HST 110LWI: American Experience

9780547149073 As a part of the LAS protocol, I was required to take HST 110LWI, otherwise known as the “American Experience”. Our class was held on Monday afternoons from 3:30-6:20. This class explained early American history and told about immigration in America. We learned about the major problems in history by watching movies, reading the essays in the book, and having class discussions.

Because this class was a writing intensive course, our assignments were focused mainly on writing papers and essays, rather than taking exams and weekly tests. History isn’t my best subject, so I preferred the essays rather than the standardized tests. Some of the assignments included a midterm paper of a subject you chose, a paper on the history of immigration, and a powerpoint presentation at the end of the year. My favorite assignment was the powerpoint because it was interactive and I was able to work with my roommates on the project.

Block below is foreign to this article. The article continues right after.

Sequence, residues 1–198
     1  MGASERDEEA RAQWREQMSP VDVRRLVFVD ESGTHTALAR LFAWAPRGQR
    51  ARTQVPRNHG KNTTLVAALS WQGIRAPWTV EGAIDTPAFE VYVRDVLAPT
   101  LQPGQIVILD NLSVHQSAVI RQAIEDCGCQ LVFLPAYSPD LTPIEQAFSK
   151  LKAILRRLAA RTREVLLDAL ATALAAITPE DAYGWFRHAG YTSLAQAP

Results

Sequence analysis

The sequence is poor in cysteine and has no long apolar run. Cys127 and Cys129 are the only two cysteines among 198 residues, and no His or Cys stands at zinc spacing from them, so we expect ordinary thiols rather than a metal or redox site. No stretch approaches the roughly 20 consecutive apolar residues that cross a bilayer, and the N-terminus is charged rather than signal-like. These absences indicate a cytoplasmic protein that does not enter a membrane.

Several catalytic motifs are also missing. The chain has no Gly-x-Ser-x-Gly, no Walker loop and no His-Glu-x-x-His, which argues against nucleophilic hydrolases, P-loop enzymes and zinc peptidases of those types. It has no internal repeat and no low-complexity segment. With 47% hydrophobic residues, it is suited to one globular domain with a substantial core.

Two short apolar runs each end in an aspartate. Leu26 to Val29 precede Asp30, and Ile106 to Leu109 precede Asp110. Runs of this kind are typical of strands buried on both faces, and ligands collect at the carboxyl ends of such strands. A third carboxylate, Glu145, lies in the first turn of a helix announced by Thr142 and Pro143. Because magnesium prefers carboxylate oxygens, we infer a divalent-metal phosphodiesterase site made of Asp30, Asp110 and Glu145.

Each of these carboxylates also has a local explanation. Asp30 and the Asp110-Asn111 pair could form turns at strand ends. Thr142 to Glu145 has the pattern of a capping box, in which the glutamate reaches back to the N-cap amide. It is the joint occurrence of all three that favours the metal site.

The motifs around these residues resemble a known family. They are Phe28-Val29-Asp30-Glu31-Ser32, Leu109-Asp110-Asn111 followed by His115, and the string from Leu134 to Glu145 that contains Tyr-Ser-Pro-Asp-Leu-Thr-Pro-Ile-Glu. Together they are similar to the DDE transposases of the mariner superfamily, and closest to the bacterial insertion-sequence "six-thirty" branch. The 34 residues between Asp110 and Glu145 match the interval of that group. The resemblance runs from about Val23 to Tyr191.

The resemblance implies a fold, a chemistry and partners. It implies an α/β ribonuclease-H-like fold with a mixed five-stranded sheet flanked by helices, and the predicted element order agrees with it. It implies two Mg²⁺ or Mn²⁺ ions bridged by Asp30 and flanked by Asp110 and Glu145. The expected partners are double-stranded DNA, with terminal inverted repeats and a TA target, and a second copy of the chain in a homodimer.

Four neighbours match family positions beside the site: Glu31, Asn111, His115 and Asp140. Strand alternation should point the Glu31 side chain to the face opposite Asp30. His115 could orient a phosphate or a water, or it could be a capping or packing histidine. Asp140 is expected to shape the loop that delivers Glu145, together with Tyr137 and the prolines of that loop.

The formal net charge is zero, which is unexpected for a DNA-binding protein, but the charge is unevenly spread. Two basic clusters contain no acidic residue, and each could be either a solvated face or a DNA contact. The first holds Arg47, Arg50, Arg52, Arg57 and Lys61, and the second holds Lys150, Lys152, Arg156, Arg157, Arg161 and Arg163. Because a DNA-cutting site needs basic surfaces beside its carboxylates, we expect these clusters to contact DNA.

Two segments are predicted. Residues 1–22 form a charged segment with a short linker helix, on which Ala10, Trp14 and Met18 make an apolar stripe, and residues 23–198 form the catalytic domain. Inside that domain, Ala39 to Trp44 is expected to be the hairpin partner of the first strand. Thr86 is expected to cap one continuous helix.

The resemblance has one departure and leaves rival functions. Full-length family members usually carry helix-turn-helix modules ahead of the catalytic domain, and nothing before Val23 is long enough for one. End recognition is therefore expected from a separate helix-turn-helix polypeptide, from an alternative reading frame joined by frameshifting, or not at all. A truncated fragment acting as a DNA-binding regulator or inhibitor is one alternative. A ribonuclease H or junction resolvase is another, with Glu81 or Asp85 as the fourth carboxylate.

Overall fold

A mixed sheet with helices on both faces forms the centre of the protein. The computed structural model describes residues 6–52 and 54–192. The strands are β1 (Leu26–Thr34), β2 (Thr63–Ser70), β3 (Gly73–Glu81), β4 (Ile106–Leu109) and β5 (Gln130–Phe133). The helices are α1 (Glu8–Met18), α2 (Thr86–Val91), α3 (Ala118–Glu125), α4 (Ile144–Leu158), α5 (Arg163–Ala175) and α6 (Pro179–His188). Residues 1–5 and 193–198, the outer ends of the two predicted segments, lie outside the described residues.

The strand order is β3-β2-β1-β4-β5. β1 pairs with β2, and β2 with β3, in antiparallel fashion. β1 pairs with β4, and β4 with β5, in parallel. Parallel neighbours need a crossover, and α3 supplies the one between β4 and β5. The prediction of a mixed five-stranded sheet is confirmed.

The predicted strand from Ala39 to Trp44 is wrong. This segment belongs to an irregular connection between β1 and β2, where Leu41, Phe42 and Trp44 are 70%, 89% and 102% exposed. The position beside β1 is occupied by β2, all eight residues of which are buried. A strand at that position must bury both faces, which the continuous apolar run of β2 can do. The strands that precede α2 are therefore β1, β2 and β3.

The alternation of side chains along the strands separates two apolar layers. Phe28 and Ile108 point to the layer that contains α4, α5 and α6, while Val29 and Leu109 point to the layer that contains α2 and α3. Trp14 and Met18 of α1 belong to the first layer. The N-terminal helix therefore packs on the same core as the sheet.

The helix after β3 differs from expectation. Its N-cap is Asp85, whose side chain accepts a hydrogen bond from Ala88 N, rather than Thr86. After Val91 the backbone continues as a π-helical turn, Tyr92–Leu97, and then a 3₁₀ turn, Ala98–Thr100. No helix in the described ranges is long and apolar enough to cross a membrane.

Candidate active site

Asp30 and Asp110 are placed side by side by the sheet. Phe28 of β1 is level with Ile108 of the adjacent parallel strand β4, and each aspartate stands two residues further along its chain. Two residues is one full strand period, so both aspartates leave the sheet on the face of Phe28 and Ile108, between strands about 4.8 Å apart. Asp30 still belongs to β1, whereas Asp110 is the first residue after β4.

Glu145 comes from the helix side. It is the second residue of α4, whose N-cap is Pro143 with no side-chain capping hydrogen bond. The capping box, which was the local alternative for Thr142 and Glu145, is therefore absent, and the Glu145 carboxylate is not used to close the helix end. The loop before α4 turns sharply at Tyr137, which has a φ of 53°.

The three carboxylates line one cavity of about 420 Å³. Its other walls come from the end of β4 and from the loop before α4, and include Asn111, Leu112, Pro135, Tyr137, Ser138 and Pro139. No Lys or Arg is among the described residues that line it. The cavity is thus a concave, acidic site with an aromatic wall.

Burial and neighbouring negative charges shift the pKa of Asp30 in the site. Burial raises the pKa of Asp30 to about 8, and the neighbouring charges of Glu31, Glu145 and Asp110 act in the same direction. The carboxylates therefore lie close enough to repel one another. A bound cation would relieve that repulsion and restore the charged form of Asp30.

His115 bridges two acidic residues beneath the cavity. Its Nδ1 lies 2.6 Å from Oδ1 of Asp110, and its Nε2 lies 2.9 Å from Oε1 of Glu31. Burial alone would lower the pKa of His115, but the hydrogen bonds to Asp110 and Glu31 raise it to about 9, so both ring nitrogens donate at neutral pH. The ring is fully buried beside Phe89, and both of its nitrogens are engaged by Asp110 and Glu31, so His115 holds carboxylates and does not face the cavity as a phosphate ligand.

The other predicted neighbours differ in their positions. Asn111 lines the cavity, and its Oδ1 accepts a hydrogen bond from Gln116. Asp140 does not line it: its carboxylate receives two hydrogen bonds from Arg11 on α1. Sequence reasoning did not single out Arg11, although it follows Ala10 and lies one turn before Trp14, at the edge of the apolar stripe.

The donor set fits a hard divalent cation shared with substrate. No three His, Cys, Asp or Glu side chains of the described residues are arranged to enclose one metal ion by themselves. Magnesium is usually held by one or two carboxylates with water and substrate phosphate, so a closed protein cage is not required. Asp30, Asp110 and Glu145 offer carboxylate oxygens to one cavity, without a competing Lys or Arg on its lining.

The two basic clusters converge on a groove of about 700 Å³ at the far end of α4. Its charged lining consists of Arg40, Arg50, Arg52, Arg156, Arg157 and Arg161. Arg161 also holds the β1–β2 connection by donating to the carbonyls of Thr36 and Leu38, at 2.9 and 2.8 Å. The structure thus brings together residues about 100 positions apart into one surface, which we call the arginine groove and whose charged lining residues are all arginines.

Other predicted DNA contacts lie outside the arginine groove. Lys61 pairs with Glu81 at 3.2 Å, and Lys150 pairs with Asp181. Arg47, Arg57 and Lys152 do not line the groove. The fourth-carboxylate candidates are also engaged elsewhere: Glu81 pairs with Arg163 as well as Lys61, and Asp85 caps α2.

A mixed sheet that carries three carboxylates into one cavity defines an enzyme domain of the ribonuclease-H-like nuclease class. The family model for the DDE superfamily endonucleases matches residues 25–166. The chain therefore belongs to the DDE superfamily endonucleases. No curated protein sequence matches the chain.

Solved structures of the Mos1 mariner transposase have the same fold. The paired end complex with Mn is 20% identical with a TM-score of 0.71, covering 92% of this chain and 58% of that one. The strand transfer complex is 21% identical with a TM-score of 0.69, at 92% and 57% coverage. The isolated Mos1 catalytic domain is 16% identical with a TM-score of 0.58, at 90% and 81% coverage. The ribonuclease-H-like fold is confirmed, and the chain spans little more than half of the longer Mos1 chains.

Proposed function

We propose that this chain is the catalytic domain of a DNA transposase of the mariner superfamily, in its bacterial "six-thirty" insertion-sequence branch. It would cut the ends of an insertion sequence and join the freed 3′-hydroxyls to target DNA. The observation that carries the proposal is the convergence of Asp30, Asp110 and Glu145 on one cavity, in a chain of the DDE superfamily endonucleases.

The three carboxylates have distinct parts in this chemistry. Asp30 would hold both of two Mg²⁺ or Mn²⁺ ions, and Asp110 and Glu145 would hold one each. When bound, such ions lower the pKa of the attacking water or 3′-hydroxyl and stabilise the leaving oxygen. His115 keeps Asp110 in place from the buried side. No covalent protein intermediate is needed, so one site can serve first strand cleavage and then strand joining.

NOW WHAT? Taking this course challenged me to dig deeper into my thoughts on American history. Though it isn’t my favorite subject, it was interesting learning about things that impacted how our country lives today. I also loved hearing everyone’s views on certain topics during the class discussions and watching movies that caught everyone’s attention. Being in this class made me want to learn more about my ancestors and the events that shaped America today.

Leadership Development

Yes or No?

Does leadership come from a “yes” or a “no”? 

When I first read this question, I had to take a step back and reflect on what I was really being asked. After analyzing the question, I came up with what it meant to me: “Do leaders say “yes” or “no”? My first thought: it’s “no”. Why would you say yes to everything? Wouldn’t that just get you in trouble? What if something bad happens? What if the task is too hard or too much to handle? My second thought: it’s “yes”. It’s 100%, absolutely, most definitely “yes”. 

Saying “yes” opens doors, creates new opportunities, and encourages growth. Being a leader means trying new things, growing, and helping others. It also means listening, learning, overcoming barriers, and being the bigger person.